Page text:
Delivery: Especially while under stay-at-home orders, pay special attention to delivery and set-up offers. Most online manufacturers and retailers will ship the mattress to your home, free of charge, but you don't want to get stuck with an expectedly high fee just to get your mattress delivered.
Trial Period and returns: Most online manufacturers and retailers these days offer generous trial periods. During this period, you will be able to return the mattress if you are not satisfied and receive a refund, minus only a $149 nominal fee for return transportation. Shopping for a mattress online is tricky — although hopefully easier with this guide! — but knowing that you have the flexibility and can test these products out will give you peace of mind. If you do plan to test out a mattress for fear of not liking it, double-check any return or restock fees, so you aren't surprised.
Warranty: A mattress warranty may last anywhere from two to 25 years. There are many warranty-related factors to consider, such as shipping costs and prorated/non-prorated coverage. It's best to review the warranty for your new mattress so you know what to expect and can plan out your budget over the course of your new mattress's full lifetime.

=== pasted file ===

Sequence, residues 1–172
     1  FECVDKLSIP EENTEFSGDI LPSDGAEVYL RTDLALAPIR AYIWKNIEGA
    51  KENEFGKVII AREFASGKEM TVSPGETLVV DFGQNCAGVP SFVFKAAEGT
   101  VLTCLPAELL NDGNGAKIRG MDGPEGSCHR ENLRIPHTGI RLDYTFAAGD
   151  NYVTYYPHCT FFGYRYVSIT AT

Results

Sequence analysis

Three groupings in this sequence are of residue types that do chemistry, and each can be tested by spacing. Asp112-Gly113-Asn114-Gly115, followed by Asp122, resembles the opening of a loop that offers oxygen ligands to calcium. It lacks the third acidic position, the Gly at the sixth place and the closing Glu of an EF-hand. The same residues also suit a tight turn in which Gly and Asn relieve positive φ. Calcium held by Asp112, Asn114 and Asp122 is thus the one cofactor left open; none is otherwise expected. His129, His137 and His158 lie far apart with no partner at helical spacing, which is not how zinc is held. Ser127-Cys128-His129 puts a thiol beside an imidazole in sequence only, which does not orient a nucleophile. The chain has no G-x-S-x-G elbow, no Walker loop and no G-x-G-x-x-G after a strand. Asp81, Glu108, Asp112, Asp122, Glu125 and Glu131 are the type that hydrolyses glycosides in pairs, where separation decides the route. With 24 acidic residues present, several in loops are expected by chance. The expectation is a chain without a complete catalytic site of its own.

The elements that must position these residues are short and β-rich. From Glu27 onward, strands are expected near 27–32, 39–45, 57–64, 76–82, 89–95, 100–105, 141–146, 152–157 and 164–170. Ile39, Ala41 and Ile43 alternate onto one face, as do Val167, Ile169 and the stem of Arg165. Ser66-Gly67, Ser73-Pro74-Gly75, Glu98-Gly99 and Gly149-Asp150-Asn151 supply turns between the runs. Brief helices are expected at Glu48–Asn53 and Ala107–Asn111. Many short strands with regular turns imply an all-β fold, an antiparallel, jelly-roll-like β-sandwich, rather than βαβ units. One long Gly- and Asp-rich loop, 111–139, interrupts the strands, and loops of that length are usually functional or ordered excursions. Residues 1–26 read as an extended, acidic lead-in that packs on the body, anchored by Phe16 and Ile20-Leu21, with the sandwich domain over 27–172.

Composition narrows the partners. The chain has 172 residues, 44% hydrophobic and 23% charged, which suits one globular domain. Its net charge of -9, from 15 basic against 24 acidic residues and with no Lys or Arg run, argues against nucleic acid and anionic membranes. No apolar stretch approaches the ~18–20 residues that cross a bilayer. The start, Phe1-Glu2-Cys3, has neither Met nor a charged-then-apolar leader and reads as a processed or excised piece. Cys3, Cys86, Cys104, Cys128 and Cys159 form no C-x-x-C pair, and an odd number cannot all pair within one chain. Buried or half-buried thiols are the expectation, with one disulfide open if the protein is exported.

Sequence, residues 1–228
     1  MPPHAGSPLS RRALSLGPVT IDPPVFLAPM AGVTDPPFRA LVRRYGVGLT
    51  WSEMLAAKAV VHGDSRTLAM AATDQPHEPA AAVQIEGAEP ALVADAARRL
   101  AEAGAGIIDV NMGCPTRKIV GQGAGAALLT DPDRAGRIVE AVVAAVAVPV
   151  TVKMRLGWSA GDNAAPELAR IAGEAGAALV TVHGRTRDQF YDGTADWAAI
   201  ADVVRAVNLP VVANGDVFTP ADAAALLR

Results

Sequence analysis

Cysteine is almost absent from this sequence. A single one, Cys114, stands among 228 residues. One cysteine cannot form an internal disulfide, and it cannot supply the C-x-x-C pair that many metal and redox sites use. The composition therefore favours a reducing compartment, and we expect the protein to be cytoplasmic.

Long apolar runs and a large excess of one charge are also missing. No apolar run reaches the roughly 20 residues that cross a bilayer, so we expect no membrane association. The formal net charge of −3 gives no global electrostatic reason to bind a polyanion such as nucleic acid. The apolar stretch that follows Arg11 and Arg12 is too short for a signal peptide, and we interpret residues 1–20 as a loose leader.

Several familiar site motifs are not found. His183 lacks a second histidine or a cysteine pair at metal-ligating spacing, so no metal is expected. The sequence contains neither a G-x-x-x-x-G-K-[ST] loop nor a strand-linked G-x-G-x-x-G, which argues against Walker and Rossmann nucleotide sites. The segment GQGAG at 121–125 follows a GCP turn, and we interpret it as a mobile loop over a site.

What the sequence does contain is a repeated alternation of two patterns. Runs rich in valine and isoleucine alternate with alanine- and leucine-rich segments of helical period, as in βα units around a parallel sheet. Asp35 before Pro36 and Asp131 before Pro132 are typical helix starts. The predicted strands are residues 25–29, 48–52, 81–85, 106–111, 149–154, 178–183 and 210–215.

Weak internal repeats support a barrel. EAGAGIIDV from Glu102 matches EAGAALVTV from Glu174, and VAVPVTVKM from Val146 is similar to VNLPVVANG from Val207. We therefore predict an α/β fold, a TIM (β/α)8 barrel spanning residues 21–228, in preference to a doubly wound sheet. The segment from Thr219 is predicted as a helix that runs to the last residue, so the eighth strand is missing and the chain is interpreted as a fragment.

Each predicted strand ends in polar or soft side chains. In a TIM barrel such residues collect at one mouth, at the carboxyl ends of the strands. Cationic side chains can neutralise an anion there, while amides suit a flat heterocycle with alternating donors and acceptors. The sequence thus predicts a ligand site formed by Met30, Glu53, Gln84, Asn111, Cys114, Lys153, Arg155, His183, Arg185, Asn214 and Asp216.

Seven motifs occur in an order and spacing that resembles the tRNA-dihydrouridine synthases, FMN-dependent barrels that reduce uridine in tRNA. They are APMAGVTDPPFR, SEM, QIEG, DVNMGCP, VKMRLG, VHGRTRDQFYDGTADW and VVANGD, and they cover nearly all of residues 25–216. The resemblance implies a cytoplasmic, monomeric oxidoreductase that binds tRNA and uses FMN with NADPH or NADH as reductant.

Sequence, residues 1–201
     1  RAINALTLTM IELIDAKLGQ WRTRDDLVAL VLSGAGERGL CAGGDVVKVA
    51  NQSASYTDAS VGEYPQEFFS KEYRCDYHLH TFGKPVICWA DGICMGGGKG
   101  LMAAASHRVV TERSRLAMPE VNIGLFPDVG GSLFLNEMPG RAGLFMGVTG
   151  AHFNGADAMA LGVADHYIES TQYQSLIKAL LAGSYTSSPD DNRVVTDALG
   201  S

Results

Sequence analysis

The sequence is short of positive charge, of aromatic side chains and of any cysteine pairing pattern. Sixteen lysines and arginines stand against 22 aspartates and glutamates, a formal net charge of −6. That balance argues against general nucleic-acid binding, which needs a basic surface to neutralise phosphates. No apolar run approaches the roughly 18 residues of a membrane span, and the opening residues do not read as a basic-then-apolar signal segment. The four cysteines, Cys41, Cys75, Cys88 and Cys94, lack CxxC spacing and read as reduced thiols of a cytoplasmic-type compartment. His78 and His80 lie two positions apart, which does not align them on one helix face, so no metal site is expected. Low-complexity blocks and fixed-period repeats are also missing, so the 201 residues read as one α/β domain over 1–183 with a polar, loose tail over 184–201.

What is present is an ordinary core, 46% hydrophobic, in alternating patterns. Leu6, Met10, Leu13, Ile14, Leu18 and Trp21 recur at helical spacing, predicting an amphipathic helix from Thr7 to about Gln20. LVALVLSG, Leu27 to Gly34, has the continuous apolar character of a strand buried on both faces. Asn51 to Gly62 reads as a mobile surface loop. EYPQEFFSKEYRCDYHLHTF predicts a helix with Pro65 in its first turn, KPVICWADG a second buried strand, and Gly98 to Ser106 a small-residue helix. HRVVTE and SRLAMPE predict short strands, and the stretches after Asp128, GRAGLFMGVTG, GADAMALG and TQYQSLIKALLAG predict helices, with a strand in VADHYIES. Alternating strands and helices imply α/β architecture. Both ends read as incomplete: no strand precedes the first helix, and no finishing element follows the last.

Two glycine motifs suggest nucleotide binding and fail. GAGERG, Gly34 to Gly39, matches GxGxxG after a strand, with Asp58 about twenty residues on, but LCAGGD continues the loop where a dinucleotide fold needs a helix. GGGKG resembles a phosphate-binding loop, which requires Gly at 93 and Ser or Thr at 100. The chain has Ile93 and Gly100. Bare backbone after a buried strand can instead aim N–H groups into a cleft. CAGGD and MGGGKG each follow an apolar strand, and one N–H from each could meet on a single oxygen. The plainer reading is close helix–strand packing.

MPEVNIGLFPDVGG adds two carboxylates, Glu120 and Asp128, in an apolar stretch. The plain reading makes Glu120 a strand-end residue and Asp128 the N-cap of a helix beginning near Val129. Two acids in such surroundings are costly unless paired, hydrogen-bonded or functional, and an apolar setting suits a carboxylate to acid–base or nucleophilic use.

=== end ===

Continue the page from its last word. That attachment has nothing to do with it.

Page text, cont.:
- Responsibly get rid of your old mattress.
Image Credit: sergeyryzhov/iStock/GettyImages
If you've finally pulled the trigger and bought yourself a new mattress — congrats! But, PlushBeds and Hughes recommend recycling your old mattress responsibly. A list of mattress recycling companies, listed by state, within the USA, and in Canada, can be found on the PlushBeds website for easy access. Alternatively, Hughes recommends finding another use for your old mattresses, such as using it in a guest bedroom or donating it to charity or those in need. These are all better options than throwing it in the trash.
Katie is the Commerce Editor at Hunker. She has previously been on staff at Shape Magazine, Well+Good, and PureWow, and has spent her life perfecting the art of online shopping.